Rosalind's story features a family new to Canada. English is not their home language, and the story is about the family was involved early with language services.
Our second child was born only two months after we immigrated to Canada from Hong Kong. Rosalind was born premature, in the middle of a prairie snowstorm.
We were of course concerned about how her early arrival would affect her future progress. Rosalind was diagnosed with a severe to profound hearing loss when she was 8 months old, as well as some delay in her motor skill development.
We were devastated by the diagnosis of our baby’s hearing loss. We were worried that she would not be able to learn language, would not be able to speak, and worst of all, would not be able to communicate with us. The only thing I could relate to at that time was the sadness and frustration a friend had shared with me when she tried to mainstream her son who had a severe hearing loss into the regular school system in Hong Kong.
We were determined to help our daughter develop her communication and language skills so that she would have the same opportunities as her hearing peers in getting a good education and meaningful employment in the future.
We enrolled Rosalind into an early intervention program right away, and we were very pleased with the family-centered intervention program that we chose. We got a lot of support from the interventionists as well as from the parent group and other resources (books and videos) they provided. An Infant Development Program (IDP) worker visited our home once a month to help Rosalind develop her fine motor skills. Rosalind also attended regular physiotherapy sessions at the hospital for the first few years of her life.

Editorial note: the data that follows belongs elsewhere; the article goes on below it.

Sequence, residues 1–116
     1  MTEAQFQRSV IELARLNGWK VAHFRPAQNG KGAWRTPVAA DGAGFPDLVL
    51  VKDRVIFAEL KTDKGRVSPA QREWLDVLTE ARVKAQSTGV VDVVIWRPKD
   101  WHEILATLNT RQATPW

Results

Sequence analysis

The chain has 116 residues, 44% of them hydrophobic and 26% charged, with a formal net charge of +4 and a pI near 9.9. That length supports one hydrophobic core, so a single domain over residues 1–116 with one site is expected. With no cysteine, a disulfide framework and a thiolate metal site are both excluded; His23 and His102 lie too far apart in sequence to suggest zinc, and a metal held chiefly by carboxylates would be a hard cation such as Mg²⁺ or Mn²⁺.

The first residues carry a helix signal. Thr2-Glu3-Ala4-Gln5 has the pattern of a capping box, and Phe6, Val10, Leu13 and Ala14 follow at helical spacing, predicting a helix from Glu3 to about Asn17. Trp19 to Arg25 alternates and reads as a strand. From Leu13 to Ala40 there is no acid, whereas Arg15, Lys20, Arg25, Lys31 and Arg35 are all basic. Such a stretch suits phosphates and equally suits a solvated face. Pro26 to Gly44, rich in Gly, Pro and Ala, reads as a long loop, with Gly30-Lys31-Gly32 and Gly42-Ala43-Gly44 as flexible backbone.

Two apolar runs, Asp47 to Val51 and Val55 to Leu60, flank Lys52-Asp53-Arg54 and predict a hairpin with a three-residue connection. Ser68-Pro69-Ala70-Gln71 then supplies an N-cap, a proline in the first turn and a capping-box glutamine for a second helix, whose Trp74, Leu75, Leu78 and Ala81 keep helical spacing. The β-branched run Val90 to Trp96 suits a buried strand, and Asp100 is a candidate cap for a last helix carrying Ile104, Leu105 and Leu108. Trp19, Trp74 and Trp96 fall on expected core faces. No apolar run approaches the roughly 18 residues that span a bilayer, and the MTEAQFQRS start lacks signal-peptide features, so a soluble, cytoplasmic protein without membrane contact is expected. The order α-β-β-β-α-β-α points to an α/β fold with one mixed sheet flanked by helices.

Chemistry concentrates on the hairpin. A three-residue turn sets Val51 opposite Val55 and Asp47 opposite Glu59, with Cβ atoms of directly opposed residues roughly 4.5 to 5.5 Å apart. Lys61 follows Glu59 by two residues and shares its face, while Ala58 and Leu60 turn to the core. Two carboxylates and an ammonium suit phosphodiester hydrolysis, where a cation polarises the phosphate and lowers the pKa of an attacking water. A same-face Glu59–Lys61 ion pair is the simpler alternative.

Rosalind was first fitted for hearing aids shortly after her diagnosis. When she was 3 years old, she completely lost the rest of her hearing; and after much thought we opted for a cochlear implant. Now her cochlear implants are just a part of her that we sometimes don’t even notice.
While English is not our first language, we decided that it would be best for Rosalind to have a solid foundation in English because she would be growing up in an English-speaking country. So we spoke to her in English at home. In order to expose her to English as it is spoken by native speakers, I would take her to playgroups and gym classes at our neighbourhood community centre, and the weekly storytimes at the library. After the storytime, I would borrow the storybook and read it to her again at home, pointing to the pictures while I spoke and signed the words to her. Today, she loves to read and always has her nose in a book.
Athough initially upset by the diagnosis, our extended family has been very supportive of Rosalind and of our family’s decisions. Rosalind is very close to her older brother Casey, despite the almost 4 year age gap between them. Casey would often join into the language games that Rosalind’s interventionists used to encourage her to practice her listening and speaking. Rosalind also credits much of her interest in reading to the novels and poems that Casey has given her over the years.
Rosalind is now a university graduate, with a BA degree from UBC in English Literature, and she has a steady job at a non-profit organization where she interned as a co-op student. Always fascinated by the language and the complex history of Hong Kong, she spent nearly a year there as an exchange student and then as a co-op intern at a law firm. She is endlessly cheerful, open-minded, and eager to meet whatever opportunities await her around the next bend in the road.